Okay, as I was saying before, we did that. We used Smith to develop a safety data abstract to determine what were the top causes of injuries in BLM. And that information is also available, I think it’s listed on our National Safety Office website. So, if you were curious about how your office compares to BLM on a national mode, you could pull that up and look at it.
Let me continue on about Safety Week activities. As I said, your Collateral Duty Safety Officer and your safety committees can also be instrumental in planning and coordinating Safety Week activities. We’ve seen some great activities throughout BLM and know that there’s some really active safety committees out there. I have some examples that hopefully will inspire you if your office doesn’t already have some plans for Safety Week. And I’d also like for you to tell the group some activities that you think may have been successful in stressing safe behaviors in your office. I’m going to give my examples first and then I would like you all to, again, participate by pressing *1 and sharing some of the other examples that maybe we haven’t thought of or we haven’t seen yet in the bureau.
One of the things that I think everybody loves to have is a picnic. And a lot of people like to have a clean up day where they go and maybe work on a particular recreation site and everybody loves to have food and picnics. So, I think that’s a great activity and also I think it gives us the opportunity to talk about things like food safety and food handling. Summer season is on the way. It’s a good opportunity for you all to talk about barbeques and grilling safety. I think it’s just a good opportunity to have everybody together so you can do multiple presentations, if you’re going to have a picnic or clean up day.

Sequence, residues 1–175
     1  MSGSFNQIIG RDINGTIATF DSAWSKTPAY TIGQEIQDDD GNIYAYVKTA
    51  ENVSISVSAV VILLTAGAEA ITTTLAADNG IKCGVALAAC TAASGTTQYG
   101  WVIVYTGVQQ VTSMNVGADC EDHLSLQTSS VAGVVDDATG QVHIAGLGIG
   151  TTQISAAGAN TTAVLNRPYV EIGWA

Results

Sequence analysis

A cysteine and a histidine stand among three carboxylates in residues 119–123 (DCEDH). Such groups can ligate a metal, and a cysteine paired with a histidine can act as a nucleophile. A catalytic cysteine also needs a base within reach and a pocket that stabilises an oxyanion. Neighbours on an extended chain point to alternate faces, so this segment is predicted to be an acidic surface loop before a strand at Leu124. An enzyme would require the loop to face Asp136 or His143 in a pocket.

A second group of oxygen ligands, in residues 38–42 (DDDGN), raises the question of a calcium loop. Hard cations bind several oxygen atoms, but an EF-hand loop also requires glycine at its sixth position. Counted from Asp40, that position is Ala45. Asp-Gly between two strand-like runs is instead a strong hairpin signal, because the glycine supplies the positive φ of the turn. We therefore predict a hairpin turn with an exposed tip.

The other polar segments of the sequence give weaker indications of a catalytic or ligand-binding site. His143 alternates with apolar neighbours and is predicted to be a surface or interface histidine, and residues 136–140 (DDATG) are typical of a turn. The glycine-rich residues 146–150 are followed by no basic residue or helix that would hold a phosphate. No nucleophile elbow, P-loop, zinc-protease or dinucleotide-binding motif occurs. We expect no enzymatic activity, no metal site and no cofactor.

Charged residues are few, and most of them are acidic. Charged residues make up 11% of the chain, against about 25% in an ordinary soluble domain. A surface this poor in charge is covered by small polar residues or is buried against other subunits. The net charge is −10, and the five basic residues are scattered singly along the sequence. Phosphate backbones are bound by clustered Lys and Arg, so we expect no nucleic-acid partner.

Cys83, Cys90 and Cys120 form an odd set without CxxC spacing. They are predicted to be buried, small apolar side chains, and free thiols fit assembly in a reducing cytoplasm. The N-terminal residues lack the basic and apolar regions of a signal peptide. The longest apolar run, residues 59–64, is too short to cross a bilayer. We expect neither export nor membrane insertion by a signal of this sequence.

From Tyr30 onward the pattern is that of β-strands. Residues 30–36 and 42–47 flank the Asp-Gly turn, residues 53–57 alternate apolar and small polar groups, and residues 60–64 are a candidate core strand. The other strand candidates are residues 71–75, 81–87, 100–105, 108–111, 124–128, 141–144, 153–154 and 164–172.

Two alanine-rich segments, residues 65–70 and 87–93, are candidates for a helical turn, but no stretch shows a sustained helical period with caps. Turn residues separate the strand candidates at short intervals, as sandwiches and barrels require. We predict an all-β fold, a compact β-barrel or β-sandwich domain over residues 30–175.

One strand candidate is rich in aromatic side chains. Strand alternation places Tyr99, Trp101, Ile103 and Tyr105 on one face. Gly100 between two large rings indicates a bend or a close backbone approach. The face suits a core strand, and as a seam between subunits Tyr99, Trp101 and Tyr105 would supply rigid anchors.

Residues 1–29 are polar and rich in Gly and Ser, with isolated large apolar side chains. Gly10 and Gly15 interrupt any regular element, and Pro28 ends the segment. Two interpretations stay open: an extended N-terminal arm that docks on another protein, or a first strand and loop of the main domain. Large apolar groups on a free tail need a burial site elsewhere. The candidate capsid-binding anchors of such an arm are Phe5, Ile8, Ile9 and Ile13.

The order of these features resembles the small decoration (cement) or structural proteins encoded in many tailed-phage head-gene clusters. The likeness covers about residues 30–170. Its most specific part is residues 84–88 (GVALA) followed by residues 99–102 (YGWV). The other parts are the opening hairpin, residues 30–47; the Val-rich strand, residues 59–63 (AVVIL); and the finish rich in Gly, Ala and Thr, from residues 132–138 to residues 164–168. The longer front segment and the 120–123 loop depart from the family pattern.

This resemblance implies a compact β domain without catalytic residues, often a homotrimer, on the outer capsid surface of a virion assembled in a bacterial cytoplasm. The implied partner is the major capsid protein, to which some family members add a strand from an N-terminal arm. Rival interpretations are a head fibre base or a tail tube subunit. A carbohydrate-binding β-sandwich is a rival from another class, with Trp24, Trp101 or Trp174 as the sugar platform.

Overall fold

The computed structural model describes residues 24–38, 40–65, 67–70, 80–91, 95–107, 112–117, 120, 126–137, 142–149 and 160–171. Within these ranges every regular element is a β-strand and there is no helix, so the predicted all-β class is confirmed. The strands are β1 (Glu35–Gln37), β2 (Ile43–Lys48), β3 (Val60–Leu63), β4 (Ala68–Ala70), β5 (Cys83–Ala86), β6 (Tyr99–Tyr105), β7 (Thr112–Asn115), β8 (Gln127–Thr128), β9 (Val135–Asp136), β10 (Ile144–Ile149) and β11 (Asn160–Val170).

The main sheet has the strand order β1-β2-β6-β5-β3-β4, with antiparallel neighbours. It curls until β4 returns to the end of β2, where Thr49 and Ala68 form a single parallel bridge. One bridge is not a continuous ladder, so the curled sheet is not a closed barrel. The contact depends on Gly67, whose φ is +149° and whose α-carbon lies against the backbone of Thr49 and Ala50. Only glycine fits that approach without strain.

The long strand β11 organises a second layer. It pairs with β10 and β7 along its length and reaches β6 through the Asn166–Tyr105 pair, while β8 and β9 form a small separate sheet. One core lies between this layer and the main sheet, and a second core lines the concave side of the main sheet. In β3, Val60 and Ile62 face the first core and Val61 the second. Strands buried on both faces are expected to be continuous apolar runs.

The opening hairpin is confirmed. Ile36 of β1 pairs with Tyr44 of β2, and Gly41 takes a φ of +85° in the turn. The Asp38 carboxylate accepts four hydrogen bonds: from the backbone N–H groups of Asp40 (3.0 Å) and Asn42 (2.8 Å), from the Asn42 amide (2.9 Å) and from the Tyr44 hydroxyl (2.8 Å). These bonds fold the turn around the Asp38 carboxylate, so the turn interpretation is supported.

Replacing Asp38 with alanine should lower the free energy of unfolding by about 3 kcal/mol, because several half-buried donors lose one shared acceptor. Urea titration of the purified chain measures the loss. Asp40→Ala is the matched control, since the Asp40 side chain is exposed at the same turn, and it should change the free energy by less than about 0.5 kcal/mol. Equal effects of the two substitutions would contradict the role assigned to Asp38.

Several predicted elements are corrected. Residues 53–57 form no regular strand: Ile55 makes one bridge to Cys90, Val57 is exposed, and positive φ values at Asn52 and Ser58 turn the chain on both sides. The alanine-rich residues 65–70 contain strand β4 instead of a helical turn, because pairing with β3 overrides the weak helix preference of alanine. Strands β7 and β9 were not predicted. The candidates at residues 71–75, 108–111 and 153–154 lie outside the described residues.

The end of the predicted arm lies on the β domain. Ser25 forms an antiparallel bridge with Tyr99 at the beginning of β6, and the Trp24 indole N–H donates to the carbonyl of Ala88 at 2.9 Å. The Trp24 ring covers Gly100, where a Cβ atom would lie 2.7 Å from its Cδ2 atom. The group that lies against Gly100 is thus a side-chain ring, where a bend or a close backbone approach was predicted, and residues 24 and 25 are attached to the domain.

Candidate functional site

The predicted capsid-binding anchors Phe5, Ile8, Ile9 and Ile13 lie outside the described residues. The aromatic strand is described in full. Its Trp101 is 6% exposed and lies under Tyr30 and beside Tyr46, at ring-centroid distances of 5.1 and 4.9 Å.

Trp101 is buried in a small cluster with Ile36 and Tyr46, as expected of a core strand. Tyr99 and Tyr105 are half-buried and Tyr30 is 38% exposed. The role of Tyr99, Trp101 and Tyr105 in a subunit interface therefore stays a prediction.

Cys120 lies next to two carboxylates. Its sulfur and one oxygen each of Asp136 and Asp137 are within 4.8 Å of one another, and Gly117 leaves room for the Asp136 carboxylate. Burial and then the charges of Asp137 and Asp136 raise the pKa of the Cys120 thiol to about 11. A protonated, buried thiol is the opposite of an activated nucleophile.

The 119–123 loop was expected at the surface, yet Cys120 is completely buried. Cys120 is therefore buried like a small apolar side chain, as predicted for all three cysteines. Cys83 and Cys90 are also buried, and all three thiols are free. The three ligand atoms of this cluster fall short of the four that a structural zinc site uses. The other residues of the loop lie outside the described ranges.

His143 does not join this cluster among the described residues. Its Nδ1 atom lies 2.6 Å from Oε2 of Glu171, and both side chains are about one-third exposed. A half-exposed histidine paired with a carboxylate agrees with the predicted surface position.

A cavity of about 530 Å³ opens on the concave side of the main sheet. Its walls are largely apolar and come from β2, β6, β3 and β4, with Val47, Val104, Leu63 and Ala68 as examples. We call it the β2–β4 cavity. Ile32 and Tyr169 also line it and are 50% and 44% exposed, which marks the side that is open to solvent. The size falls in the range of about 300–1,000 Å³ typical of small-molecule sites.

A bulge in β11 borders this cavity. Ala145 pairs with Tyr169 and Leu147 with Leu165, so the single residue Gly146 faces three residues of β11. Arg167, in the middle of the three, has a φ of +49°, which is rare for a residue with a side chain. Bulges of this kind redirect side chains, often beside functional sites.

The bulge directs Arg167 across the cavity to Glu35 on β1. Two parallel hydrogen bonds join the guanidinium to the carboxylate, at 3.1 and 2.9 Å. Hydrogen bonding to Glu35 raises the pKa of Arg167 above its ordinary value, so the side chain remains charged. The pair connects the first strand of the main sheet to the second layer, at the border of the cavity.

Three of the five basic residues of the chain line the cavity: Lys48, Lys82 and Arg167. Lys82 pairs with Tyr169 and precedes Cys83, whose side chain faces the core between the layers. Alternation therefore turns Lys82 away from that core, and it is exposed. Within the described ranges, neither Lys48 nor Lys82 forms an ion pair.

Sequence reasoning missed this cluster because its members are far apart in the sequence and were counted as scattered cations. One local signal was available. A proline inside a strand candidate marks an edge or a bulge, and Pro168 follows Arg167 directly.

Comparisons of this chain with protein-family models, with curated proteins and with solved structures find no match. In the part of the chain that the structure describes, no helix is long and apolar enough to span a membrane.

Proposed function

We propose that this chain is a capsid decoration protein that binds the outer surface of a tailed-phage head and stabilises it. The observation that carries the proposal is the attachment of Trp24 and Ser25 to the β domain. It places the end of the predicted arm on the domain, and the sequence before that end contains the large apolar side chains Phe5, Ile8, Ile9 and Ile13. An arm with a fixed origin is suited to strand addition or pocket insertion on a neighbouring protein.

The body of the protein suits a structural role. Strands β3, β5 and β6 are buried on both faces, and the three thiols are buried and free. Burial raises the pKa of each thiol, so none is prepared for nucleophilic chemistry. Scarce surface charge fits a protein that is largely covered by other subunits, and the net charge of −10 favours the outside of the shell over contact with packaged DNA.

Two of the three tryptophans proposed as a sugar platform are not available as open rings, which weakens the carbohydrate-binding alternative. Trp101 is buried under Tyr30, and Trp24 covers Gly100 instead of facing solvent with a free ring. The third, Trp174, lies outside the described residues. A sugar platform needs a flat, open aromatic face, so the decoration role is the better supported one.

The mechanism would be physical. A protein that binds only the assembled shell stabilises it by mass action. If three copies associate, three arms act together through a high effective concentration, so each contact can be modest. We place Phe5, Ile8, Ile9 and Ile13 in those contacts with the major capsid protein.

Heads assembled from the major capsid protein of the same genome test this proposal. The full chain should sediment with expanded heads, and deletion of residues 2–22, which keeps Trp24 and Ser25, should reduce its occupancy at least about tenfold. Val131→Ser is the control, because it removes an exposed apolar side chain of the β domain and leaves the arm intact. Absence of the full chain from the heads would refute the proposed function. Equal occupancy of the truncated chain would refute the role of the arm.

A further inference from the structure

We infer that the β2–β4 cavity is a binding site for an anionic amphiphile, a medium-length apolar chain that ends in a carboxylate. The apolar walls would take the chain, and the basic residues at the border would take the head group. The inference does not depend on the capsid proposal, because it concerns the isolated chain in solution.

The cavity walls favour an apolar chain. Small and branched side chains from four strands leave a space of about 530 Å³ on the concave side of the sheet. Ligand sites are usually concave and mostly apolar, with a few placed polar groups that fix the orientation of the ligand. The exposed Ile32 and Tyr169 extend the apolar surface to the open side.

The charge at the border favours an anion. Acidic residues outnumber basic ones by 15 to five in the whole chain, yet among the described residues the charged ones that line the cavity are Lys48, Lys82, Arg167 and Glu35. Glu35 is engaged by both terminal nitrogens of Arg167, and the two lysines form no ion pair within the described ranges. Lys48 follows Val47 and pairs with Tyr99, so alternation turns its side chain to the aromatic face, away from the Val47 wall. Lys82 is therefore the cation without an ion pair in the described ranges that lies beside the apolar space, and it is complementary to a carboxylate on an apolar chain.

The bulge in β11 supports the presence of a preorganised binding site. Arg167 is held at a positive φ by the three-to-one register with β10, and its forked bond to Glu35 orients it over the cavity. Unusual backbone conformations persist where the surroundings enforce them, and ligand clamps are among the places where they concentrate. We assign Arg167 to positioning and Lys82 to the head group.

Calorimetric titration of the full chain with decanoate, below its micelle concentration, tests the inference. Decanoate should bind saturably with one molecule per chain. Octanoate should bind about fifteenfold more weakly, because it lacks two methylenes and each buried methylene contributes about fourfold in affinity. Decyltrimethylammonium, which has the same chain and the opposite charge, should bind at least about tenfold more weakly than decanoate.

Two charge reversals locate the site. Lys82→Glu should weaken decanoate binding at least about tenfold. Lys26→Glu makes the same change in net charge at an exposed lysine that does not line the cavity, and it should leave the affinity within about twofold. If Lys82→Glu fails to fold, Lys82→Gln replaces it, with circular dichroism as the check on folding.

One of the things that we would recommend if you’re having that clean up day, do a risk assessment and brief all of the employees who are involved in that on what the hazards they would be expected to encounter while they’re out at a rec site or maybe even just working in the warehouse and talk about what you need to do from mitigating measures to reduce those risks so that you don’t have somebody injured during your Safety Week activities.
One of the things you might do is have somebody on hand, a maintenance person available, or a GSA person, standing by to develop work orders as you find hazards that need to be fixed. You can provide red tags for vehicles or equipment that can’t be fixed immediately. Anything that needs to be taken out of service, I recommend that you all go ahead during your clean up day and identify those items and make sure that employees understand that they shouldn’t be using those, that they’ve got a red tag. It’s a good opportunity to do a walk-through of your work areas. See what’s going on out there.
If you’re doing that picnic, again, we talked about food safety; you can talk about choking, back-county first aid because a lot of times people are doing their picnics at a remote site. You can talk about insect stings, bee stings, tick bites. Talk about poison ivy and poison oak exposure. Seems like every year we have a number of cases of exposure to poison ivy and poison oak, and some of them can even result in loss time injuries.